Thomas Michael Alleman
Thomas Michael Alleman could be called the James Ellroy of Los Angeles photographers. His series, Sunshine & Noir, brings you back to the heydays of Hollywood, where the evenings brought out the scent of orange blossoms, and mysteries were solved beneath shadowy fedoras. Needless to say, I am a big fan of his work.
Thomas Michael Alleman was born and raised in Detroit, where his father was a traveling salesman and his mother was a ceramic artist. After graduating from Michigan State University with a degree in English Literature, Tom began a fifteen-year newspaper career. He was a frequent winner of distinctions from the National Press Photographer’s Association, as well as being named California Newspaper Photographer of the Year in 1995 and Los Angeles Newspaper Photographer of the Year in 1996. Tom’s images have been published regularly in Time, People, Business Week, Smithsonian and National Geographic Traveler, and have also appeared in US News & World Report, Brandweek, Sunset, Harper’s and Travel Holiday.
These pictures were shot on medium-format, black-and-white negative stock with a battery of $17 Holga toy cameras. The Holga’s many laughable failures are well known and all-encompassing: focus, exposure and parallax are effectively un-controllable, and the plastic lens is always aberrant, cloudy and vignetted. The shutter bounces sometimes, causing partial double-exposures; light-leaks are inevitable but random.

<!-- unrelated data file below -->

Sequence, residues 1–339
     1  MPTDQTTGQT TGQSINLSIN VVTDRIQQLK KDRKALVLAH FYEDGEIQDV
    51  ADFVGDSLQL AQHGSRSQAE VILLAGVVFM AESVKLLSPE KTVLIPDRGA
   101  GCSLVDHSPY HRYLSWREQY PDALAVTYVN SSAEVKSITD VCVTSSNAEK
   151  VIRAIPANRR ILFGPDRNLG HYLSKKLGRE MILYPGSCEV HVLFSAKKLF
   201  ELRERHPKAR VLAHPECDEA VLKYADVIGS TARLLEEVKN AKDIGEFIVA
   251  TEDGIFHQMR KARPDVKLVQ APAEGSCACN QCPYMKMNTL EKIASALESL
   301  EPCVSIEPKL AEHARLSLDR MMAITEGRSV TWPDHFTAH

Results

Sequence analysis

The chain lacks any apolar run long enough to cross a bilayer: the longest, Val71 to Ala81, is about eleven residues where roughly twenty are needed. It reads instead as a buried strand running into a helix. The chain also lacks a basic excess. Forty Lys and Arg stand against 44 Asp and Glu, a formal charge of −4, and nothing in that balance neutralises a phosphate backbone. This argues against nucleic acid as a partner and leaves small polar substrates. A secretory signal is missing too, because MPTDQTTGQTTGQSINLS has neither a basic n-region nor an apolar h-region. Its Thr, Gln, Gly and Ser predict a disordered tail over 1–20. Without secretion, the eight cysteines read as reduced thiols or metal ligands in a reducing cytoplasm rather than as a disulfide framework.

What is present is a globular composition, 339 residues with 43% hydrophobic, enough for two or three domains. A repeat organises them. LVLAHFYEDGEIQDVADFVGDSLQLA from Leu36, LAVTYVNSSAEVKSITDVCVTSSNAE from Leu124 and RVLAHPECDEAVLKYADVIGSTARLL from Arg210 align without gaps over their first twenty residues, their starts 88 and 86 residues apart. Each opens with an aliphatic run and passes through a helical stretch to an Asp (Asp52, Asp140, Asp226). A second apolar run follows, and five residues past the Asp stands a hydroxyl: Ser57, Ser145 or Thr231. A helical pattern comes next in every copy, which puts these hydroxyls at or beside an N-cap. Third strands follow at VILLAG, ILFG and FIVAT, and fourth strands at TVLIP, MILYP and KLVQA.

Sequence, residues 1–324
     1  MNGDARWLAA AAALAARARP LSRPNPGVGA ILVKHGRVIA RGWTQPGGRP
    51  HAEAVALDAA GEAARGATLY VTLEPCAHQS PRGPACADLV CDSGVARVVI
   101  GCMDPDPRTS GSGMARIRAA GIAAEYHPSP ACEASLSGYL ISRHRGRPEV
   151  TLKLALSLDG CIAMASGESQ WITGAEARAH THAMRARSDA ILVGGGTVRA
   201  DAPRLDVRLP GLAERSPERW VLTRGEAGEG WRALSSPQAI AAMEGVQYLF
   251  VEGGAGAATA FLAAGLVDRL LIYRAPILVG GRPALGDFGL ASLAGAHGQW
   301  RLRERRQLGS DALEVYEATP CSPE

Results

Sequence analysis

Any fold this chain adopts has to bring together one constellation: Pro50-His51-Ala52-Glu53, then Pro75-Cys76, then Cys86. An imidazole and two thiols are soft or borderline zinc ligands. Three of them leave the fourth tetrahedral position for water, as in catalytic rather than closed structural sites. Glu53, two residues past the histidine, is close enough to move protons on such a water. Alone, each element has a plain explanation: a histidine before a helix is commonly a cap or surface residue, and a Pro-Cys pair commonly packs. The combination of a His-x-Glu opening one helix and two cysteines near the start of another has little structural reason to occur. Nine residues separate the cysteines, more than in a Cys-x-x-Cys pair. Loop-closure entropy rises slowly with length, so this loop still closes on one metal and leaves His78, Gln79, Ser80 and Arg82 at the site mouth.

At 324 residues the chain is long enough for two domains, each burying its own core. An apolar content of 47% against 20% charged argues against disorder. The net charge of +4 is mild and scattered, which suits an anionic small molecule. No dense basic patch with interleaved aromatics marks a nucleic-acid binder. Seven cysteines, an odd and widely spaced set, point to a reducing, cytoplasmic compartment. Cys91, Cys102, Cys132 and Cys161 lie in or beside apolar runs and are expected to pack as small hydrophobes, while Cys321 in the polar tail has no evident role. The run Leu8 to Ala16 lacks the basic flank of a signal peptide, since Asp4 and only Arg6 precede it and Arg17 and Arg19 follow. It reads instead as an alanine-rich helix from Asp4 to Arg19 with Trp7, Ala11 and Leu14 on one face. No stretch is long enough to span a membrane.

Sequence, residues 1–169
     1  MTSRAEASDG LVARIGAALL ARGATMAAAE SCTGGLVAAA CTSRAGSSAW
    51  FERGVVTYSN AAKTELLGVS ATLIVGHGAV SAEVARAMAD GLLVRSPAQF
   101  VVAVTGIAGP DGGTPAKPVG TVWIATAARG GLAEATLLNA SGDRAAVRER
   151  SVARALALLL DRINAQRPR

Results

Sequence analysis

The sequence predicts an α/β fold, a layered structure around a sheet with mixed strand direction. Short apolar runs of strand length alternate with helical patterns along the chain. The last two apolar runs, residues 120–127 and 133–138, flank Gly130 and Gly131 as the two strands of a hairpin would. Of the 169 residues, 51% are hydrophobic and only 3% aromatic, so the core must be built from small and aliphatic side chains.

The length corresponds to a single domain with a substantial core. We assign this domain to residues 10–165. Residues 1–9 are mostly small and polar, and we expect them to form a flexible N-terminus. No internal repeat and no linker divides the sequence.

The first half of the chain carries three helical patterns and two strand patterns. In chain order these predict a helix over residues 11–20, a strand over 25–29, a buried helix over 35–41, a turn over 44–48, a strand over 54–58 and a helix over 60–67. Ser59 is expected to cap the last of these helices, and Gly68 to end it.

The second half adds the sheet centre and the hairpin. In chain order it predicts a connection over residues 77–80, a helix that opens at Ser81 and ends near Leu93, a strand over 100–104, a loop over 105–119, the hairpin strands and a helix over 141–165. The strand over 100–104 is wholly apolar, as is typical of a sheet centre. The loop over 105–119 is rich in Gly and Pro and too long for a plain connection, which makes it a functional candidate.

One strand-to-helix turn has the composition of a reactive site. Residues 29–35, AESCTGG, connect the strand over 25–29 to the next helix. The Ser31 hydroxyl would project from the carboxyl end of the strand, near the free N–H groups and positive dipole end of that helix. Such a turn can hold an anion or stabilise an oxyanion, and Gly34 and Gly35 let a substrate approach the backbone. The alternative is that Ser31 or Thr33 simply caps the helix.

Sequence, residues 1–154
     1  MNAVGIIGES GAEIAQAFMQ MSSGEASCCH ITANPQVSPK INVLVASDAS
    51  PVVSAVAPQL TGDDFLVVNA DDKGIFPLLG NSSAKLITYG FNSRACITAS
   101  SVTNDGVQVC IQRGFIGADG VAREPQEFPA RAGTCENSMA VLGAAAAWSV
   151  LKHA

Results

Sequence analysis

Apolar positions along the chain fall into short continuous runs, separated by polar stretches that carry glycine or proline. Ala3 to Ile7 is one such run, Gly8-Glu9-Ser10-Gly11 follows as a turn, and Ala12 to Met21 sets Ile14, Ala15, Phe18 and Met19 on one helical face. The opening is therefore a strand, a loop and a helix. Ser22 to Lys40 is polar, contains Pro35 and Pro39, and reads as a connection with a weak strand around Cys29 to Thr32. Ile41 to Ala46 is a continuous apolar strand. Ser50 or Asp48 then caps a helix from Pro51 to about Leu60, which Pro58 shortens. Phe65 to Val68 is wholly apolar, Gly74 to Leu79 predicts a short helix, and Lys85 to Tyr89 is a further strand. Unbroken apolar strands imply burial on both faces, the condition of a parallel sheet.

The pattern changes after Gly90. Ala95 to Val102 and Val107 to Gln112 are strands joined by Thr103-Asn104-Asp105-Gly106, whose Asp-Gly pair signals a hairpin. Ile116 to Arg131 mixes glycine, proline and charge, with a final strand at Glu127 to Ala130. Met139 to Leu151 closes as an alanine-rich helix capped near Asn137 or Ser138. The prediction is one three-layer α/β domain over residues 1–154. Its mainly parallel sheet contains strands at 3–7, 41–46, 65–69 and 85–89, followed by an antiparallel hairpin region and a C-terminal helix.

Every once in a while, though, I will find something on a contact sheet that really surprises me, and it’s a pretty glorious feeling when that happens. It’s like finding a dollar bill on the sidewalk below you. Mostly, this has to do with happy accidents in the framing of a scene, because the lens itself is far wider than the viewfinder, and you sometimes literally don’t know what’s in the picture when you shoot it.
Posts on Lenscratch may not be reproduced without the permission of the Lenscratch staff and the photographer.
Kwasi Boyd-Bouldin: History Based LandscapesJune 9th, 2020
Remembering Robert Herman 1955-2020March 29th, 2020
Charalampos Kydonakis: Warn’d in VainFebruary 25th, 2020
Ibarionex Perello: The Candid FrameFebruary 14th, 2020